Australia’s County Coal eyes British Columbia, U.S. coal terminals

County Coal Ltd., an Australian company that wants to build two mines in the Wyoming end of the Powder River Basin, said it is looking at Canada to develop coal terminal facilities to get its coal onto the export market.

The company, in an April 23 investor update, said it is in the process of submitting plans to construct a +20 million tonne (Mt) p.a. bulk loading terminal in British Columbia that can handle its PRB coal, plus the coals of other U.S. and Canadian producers. The Canadian terminal would be located at an unspecified greenfields industrial site that can accommodate Capesize (+150,000 dwt) vessels for the export of coal and bulk commodities from North America to the Asian market, the company noted. The initial engineering study on the Canadian export terminal indicates the port is technically feasible and initial costing indicates the project is economically viable.

County said it is also in discussions about the development of a second +10Mt p.a. export terminal in the U.S. The proposed northwest U.S. terminal is located on an unnamed brownfields industrial site, with sufficient water depth to accommodate Panamax (65,000-80,000 dwt) vessels.

Both of the proposed export terminal sites are connected by existing rail systems to coal fields in British Columbia and Alberta in Canada, and the PRB in the U.S., which hosts County’s 730 Mt (about 90% in the measured category) of coal resources.

“To date, we have had positive engagement with both the British Columbia Provincial Government and the major stakeholders around the project area. These discussions have given us the confidence to proceed with the project,” said Rod Ruston, County Coal’s Managing Director.

The Canadian government is supportive of the development and expansion of the bulk commodity export terminals. Existing terminals Ridley, Westshore and Neptune have all committed to increase capacity in recent years, County Coal noted.

County said it has engaged AECOM to undertake the initial engineering studies on its Canadian project required for the project description to be submitted to the provincial government in June 2013.

County said it has engaged WorleyParsons to provide engineering advice on the development of the U.S. terminal.

County Coal has two mine projects in the works in Wyoming PRB

County’s two wholly-owned thermal coal projects, Shell Creek and Miller, are both located in the Wyoming PRB and together host 730 Mt of Joint Ore Reserves Committee-compliant thermal coal resources. Shell Creek, in the western region of the PRB, hosts a 420 Mt open-cut and underground JORC-compliant thermal coal resource. Miller, in the eastern part of the PRB, nearer the existing mines in the region, hosts a 310 Mt shallow underground/deep open cut thermal coal resource. Both projects host potentially low-cost, export-quality coal, the company said.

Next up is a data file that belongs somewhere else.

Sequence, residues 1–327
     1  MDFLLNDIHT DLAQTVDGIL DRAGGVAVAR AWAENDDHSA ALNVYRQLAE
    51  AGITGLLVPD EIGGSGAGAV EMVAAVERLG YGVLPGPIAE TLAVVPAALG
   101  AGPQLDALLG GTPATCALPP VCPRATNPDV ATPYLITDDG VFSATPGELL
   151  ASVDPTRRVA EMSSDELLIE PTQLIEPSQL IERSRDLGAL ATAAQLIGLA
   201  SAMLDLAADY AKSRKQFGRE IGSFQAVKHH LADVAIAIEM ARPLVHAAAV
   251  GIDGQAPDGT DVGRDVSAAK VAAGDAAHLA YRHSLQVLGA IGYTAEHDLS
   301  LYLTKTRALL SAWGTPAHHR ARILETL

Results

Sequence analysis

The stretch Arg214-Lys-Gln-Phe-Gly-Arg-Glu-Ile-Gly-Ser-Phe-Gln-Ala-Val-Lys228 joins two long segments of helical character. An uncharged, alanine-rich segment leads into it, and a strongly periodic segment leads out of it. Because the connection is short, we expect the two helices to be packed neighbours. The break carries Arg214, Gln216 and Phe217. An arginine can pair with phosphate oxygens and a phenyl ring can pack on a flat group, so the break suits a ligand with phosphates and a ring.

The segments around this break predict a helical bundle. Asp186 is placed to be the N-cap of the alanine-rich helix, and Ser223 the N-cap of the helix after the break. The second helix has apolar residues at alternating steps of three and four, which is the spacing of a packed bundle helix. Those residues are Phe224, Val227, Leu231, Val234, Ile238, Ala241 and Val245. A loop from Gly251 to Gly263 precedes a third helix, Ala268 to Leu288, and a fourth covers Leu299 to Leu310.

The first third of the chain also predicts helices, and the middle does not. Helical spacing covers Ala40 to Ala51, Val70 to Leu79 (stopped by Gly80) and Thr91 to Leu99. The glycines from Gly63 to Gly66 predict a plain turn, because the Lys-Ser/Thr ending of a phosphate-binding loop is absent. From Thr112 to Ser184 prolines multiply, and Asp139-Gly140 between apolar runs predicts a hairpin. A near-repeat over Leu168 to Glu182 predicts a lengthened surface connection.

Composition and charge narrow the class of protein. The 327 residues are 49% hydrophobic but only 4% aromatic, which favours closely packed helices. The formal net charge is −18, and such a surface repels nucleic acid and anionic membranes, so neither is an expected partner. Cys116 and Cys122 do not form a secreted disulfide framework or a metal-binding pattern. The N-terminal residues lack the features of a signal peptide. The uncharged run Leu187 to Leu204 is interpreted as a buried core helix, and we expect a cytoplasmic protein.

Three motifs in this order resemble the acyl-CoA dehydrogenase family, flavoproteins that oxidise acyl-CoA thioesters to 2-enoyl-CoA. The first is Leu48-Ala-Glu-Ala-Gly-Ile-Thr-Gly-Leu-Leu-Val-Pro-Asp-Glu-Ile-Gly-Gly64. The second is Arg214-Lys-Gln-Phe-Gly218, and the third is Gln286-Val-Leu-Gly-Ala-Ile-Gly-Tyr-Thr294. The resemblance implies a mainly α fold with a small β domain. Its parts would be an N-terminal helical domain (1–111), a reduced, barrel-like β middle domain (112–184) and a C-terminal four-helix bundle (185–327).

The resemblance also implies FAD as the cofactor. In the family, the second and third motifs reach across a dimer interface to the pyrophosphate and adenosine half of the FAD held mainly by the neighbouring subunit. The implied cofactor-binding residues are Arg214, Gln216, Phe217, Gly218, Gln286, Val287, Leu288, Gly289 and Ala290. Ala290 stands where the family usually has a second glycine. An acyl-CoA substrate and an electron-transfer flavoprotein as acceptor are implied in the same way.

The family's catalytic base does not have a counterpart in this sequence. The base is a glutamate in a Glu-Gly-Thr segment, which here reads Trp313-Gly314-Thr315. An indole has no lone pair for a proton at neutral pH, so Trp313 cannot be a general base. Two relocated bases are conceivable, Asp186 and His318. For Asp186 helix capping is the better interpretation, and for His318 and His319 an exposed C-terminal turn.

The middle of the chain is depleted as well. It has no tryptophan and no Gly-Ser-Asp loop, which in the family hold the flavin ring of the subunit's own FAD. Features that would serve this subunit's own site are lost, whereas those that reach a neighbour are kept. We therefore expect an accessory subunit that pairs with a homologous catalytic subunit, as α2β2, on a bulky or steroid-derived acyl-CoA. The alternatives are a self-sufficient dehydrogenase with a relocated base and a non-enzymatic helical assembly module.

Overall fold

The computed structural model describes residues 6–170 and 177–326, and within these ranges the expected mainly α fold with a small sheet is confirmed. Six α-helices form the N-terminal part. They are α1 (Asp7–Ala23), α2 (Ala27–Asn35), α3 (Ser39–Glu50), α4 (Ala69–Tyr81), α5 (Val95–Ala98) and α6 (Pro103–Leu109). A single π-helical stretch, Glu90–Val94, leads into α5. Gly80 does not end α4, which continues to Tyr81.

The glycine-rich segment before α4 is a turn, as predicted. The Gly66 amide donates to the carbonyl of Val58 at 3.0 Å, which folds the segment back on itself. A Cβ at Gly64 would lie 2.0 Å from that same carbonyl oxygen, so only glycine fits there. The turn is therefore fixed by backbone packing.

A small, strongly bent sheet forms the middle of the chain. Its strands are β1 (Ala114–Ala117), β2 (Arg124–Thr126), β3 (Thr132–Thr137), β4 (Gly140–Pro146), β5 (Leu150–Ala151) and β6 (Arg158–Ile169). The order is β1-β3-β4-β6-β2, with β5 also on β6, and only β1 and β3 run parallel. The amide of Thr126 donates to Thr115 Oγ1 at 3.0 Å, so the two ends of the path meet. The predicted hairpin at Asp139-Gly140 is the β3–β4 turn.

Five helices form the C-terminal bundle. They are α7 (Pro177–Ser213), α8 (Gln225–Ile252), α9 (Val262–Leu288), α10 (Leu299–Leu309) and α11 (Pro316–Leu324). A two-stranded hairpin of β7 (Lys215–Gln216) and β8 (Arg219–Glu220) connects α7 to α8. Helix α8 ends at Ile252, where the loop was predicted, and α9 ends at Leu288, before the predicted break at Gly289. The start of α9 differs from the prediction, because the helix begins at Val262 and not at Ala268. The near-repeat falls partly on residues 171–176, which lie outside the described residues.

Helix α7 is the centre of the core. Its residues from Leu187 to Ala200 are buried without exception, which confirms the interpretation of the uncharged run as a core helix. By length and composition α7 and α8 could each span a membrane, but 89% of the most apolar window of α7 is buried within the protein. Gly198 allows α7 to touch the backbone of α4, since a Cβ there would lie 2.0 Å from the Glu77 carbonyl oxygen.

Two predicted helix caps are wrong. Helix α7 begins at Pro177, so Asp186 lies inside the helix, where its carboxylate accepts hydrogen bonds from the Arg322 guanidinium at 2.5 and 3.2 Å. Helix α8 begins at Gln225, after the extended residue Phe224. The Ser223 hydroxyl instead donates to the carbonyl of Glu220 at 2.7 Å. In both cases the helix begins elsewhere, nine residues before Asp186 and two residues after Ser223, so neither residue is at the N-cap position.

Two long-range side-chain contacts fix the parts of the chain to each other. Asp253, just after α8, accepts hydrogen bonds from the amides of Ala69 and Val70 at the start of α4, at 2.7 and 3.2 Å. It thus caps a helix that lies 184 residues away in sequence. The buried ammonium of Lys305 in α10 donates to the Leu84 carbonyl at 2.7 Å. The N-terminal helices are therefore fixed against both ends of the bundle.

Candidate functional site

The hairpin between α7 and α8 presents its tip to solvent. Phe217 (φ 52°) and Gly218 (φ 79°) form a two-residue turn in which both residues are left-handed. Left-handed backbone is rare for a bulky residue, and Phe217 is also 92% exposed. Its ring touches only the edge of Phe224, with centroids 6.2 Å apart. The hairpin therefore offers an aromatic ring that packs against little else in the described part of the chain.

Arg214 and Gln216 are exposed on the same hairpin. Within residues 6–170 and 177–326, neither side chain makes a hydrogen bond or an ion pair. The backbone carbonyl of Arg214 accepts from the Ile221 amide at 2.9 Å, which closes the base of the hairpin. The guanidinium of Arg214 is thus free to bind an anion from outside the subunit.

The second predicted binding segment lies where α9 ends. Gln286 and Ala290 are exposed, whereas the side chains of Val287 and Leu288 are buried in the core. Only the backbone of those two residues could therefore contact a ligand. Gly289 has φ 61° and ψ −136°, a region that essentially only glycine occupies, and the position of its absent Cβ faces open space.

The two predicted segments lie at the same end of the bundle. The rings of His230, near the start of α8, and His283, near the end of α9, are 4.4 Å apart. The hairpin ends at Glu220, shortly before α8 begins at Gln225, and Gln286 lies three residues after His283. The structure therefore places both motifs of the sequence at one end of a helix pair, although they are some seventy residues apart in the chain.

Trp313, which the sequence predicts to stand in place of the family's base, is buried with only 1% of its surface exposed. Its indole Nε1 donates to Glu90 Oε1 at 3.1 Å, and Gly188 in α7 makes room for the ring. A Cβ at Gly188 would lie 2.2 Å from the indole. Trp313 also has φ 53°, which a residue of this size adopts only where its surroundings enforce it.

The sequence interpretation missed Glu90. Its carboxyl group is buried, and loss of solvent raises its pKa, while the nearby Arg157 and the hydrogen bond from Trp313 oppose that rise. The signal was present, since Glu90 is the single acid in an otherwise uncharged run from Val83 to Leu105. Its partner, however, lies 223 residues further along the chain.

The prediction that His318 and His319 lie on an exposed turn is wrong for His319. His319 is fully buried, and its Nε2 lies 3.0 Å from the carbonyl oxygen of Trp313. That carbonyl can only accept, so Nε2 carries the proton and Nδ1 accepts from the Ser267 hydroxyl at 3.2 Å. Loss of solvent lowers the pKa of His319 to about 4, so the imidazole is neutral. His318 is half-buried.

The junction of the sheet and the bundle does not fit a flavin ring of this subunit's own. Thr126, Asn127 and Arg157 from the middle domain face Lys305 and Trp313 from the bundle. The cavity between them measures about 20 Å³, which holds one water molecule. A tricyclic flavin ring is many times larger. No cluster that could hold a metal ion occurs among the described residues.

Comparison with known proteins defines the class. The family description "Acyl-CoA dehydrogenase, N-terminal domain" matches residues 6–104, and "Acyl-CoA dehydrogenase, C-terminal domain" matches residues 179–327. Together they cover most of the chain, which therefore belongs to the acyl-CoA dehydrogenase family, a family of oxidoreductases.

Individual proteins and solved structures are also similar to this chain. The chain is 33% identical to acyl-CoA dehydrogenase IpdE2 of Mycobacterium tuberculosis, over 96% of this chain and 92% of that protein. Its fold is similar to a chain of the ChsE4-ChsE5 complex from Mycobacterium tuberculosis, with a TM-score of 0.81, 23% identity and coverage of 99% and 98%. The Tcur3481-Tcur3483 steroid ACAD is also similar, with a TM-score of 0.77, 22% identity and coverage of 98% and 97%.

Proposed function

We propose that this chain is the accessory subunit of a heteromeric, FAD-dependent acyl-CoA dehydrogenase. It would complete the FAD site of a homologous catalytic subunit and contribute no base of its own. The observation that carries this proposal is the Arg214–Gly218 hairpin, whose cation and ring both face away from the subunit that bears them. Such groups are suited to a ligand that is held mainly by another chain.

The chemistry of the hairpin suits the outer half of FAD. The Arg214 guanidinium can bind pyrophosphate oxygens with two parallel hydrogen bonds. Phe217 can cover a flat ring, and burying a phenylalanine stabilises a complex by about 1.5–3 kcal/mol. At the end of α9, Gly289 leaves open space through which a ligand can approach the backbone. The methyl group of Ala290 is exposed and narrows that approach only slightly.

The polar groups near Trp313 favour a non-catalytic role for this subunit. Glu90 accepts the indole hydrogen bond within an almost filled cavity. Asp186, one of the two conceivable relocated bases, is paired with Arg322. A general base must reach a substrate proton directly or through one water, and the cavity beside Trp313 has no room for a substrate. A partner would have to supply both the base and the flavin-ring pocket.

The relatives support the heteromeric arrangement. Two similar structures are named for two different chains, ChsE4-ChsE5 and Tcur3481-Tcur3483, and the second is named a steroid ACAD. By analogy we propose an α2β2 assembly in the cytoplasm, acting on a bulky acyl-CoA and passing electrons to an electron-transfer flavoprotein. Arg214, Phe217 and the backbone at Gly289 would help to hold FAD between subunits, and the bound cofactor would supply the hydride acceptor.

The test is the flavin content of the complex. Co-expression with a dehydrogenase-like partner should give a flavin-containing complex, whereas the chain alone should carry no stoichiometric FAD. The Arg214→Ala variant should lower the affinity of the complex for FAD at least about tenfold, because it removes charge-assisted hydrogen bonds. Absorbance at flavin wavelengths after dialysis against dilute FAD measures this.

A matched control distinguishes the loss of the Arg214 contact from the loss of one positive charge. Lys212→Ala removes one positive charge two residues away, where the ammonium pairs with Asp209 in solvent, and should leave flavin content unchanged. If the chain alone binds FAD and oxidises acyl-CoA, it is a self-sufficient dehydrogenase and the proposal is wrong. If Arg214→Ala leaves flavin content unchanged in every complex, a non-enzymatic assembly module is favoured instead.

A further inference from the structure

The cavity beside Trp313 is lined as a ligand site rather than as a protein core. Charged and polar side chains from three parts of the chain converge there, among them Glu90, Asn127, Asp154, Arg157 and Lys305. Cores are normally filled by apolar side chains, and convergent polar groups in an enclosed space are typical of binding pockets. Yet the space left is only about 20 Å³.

Notable is that nobody currently underground mines in either the Wyoming or Montana ends of the PRB, preferring instead the cheaper production costs of surface mining. Major existing PRB producers include Peabody Energy (NYSE: BTU), Arch Coal (NYSE: ACI), Cloud Peak Energy (NYSE: CLD) and Alpha Natural Resources (NYSE: ANR).

County Coal is in some ways similar to fellow Australian company Ambre Energy, which also wants to run PRB coal mines and develop Pacific Northwest coal terminals to get that coal onto the export market. Ambre has, in contrast to County Coal, lately bought an existing the PRB mine, the Decker strip job in Montana.

As County Coal indicated, it is relatively easy to permit terminal capacity in British Columbia. But about a half dozen coal export terminal projects in Oregon and Washington state have lately been proposed, and in the face of stiff local and national environmental group opposition, at least two of them are apparently dead.

About Barry Cassell 20414 Articles
Barry Cassell is Chief Analyst for GenerationHub covering coal and emission controls issues, projects and policy. He has covered the coal and power generation industry for more than 24 years, beginning in November 2011 at GenerationHub and prior to that as editor of SNL Energy’s Coal Report. He was formerly with Coal Outlook for 15 years as the publication’s editor and contributing writer, and prior to that he was editor of Coal & Synfuels Technology and associate editor of The Energy Report. He has a bachelor’s degree from Central Michigan University.